December, 1980

translated by Yelena Kalinsky

[1] English translation of Martin Heidegger’s 1929 inaugural lecture at the University of Freiburg, “What Is Metaphysics?” is by David Farrell Krell. Can be accessed online: http://wagner.wpengine.netdna-cdn.com/psychology/files/2013/01/Heidegger-What-Is-Metaphysics-Translation-GROTH.pdf. The excerpted passage is paragraph 32 in section III of the text.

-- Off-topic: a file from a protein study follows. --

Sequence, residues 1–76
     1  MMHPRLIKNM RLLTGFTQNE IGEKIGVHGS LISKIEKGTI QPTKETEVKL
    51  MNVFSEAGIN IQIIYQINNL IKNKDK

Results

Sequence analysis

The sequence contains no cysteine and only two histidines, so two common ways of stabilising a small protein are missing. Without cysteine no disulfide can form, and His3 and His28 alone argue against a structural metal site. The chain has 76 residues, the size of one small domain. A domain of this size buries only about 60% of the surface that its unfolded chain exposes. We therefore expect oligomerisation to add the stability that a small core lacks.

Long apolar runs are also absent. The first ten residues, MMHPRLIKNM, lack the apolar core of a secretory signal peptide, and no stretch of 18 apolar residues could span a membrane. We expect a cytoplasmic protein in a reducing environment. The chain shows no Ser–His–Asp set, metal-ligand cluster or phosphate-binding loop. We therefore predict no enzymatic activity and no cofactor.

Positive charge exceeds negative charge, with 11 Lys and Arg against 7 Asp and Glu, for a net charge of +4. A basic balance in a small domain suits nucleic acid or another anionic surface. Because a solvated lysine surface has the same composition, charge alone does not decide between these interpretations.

[2] This phrase again comes from Heidegger’s “What Is Metaphysics?,” paragraph 18 of section II. Krell translates it as “beings as a whole,” which has been modified to “essence as a whole” to suit the usage in Monastyrsky’s text.

THE APPEARANCE. Collectove Actions


LIEBLICH. Collectove Actions


THE COMEDY. Collectove Actions


THE THIRD VARIANT. Collectove Actions


THE PICTURES. Collectove Actions


SCENE OF ACTION. Collectove Actions


FOR G. KIZEVALTER (The Slogan – 1980). Collectove Actions

FOR G. KIZEVALTER (The Slogan – 1980)




Margarita Tupitsyn, "Andrei Monastyrsky," Artforum, February 2011, pp. 247-248.